One of the most actionable talks given at the conference, Arianne Donohue presented part case study, part tutorial on one of the search marketing industry’s most controversial topics
Beginning with a brief introduction of Icelolly, Donoghue moved quickly to the meat of the talk – slightly differently titled from that appearing in the programme. The original title (Putting the brand bidding debate to bed) was changed due to an unexpected end to the testing. The new title ‘Brand bidding – is it for you?’, however, was as interesting – if not as conclusive – as the first title implied.
Before presenting the gathered professionals at the Benchmark Search Conference 2016, Donoghue had a quick search for arguments against the conclusion she had drawn from Icelolly’s experiment, yet found – almost completely – advice which would follow here own. Yet, her talk was not as simple as ‘yes, you should’, instead those gathered were treated to a methodical and enlightening walk through the thought process.
The first advice was, as would be expected, to avoid taking the nuclear option if you already have PPC and SEO strategies in place. Instead, she advised a lengthy – but obviously worthwhile – process of testing and incremental progress through trial and error.
Donoghue then gave an overview of Icelolly’s pre-existing strategy regarding brand bidding – they had previously bid on all but a fraction of very broad keywords with no competitor activity, previous testing had delivered mixed results, but organic traffic always converted better than paid.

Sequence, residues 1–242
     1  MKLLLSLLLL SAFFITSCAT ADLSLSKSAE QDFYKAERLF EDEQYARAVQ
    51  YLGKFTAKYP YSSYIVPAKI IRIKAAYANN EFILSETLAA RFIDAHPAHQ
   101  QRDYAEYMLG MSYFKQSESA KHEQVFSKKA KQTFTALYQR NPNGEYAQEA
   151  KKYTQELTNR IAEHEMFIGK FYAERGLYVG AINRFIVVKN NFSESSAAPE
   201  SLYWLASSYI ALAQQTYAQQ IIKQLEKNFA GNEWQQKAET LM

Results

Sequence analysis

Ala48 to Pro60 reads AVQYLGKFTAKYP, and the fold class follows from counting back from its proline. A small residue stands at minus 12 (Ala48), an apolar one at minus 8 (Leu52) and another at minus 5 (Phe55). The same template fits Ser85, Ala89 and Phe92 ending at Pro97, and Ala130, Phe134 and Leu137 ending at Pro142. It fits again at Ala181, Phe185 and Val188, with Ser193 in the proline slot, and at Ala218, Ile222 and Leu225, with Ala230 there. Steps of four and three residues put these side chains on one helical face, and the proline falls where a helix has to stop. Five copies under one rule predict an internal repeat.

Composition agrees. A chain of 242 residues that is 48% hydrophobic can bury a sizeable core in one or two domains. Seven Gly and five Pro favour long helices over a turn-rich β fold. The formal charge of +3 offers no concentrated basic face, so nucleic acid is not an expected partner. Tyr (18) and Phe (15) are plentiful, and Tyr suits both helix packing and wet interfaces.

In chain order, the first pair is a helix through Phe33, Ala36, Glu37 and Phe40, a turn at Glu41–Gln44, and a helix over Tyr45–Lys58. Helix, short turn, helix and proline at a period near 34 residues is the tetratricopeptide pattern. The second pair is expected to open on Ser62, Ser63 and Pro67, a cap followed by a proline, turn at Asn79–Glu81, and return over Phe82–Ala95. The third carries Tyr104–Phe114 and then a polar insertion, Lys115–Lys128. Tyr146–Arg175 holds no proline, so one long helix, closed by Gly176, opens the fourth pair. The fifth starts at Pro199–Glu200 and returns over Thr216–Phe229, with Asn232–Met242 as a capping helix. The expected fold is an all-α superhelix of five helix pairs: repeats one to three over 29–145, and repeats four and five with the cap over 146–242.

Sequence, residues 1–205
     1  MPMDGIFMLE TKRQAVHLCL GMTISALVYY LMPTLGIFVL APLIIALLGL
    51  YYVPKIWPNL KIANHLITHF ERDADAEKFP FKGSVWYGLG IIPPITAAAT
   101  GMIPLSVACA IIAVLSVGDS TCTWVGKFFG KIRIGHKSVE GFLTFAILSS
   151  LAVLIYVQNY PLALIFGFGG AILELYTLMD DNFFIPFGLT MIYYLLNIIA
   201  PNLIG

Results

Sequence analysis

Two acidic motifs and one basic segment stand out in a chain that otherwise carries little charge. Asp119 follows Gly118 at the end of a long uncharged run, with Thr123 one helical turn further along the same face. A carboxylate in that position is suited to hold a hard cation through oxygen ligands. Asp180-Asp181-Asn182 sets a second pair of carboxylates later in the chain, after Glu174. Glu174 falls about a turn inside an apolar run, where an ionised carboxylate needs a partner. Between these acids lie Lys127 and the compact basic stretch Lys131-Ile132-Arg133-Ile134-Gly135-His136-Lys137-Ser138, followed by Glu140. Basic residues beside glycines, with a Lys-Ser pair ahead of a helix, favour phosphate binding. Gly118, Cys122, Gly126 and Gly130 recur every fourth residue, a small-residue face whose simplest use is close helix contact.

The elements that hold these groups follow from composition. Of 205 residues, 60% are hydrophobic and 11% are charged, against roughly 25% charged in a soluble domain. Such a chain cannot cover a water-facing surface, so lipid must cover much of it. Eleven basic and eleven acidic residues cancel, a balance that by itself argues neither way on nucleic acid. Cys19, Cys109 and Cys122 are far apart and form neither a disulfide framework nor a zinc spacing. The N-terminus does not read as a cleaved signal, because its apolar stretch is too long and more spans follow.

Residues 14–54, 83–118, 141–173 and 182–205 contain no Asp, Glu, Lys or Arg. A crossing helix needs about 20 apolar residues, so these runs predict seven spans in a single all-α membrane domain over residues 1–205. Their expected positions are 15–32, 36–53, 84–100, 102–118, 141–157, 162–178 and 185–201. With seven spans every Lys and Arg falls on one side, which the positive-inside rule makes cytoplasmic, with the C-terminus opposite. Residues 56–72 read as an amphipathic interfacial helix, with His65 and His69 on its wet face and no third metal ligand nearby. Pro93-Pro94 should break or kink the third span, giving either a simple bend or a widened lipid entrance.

She then outlined some early lessons learned (that Google treats a space and a full stop the same, for example – meaning that the excluded “icelolly.com” bids were still appearing for the non excluded “icelolly com”), before moving on to describe a ‘third way’ – the use of intent to determine which brand terms to bid on.
With a few exceptions (terms where there was competitor activity), they separated branded terms into ‘buckets’ which represented consumer intent – bidding only on high intention, highly convertible terms (barring exact match – which they assumed would show a level of intent that exceeded the need to pay for) and looking to target terms organically which occurred further up the funnel.
While their brand offered some specific challenges (tracking the relationship between calls and traffic for example), she was able to highlight some generic difficulties before outlining a process which Icelolly implemented for their strategy.
Without walking you through each individual slide (let Donoghue do that herself in the video and slides above), it is enough to say that – though the results were not conclusive – at this stage of their testing, the results seem to bear out the hypothesis.
Unfortunately for Donoghue – and for all of us gathered at the Bridgewater Hall, the experiment was put on hold by a decision to run more television adverts (and programme sponsorship) and to turn bidding back on for all of the terms. Though a sad note, the conclusion of this fantastic talk (full of great data and actionable insights) was Donoghue giving a list of seven points to help any brand conduct their own test.
It was a real pleasure to watch this talk again, and it seems almost surreal that Click Consult is not far off beginning the planning and organisation of Benchmark Search Conference 2017, but such a strong talk has me already looking forward to next summer (if winter weather were not enough already).